I have had my share of injury in the last 25 years. In fact, I only got over chronic back pain as recently as last year. My story is one of being young and uneducated in proper lifting technique in my pre-professional-singer-life as a chemical technician in a pharmaceutical company. We dealt with a lot of heavy equipment and there was no training on how to lift, push or otherwise move huge full 50 L carboys up to 300L stainless steel tanks. In contrast, my daughter recently started working at Indigo Books and they had a full day of training in lifting and back care. I’m sure I already was suffering the onset some weakened muscles when I went to my regular aerobics class and I did a forward folding stretch in the cool down (something I had done many times before) and could almost hear let alone feel the tearing in my back. It left me walking around like the Hunchback of Notre Dame. After time off work, visits to my doctor, chiropractic care, massage therapy and so on, I still had lingering effects and there were days when I could barely bend over to touch my knees let alone get anywhere near my toes. That tearing is an example of an acute or traumatic injury: an injury that occurs suddenly. Obviously, if you experience this you should seek the advice of your physician or physical therapist immediately.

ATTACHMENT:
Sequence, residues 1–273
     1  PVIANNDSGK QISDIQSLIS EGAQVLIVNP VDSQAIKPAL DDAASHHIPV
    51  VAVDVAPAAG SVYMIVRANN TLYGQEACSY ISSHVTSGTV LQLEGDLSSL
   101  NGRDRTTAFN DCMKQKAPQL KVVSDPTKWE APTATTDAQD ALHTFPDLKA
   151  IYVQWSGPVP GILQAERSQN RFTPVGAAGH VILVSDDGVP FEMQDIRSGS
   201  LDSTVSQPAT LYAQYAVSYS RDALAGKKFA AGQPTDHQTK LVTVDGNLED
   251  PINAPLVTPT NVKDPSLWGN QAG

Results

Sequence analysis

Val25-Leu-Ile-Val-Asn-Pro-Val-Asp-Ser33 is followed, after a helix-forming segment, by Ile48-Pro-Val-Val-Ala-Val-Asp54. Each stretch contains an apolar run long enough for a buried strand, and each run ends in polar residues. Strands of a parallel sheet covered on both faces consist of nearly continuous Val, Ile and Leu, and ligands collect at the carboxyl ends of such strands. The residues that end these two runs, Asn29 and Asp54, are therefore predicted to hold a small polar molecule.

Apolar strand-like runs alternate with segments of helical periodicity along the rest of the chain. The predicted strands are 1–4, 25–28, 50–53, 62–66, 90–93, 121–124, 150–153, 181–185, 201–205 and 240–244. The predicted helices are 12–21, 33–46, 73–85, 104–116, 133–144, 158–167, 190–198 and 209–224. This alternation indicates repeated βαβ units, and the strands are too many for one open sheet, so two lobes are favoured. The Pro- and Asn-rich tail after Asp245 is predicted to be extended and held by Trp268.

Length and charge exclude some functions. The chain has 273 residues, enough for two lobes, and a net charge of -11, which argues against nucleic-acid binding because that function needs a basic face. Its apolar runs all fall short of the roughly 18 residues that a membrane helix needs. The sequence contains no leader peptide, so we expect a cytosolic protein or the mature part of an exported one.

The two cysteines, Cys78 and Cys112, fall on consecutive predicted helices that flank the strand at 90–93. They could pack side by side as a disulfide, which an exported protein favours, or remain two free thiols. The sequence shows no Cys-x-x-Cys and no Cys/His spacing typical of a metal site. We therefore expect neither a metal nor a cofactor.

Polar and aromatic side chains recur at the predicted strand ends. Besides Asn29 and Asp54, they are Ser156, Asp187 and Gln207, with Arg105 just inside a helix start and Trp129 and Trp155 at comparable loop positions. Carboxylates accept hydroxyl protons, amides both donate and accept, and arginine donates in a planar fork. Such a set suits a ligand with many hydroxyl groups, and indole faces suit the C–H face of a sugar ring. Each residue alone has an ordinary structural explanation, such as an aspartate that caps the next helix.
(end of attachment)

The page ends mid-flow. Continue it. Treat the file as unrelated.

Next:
Some injuries are not as obvious at first and you can find yourself wondering if it’s muscle soreness or injury. Should you work through it or seek help. If you work hard at the gym or exercise class you might experience the muscle burn of working hard and fatiguing your muscles. That’s normal, but if you overwork and feel real pain, especially any sharp, shooting pains, that is a signal that you may have strained a muscle and you will cause worse injury if you try to work through it. It’s time to R.I.C.E. (Rest, Ice, Compress and Elevate). If the pain persists, seek the advice of your physician or physical therapist.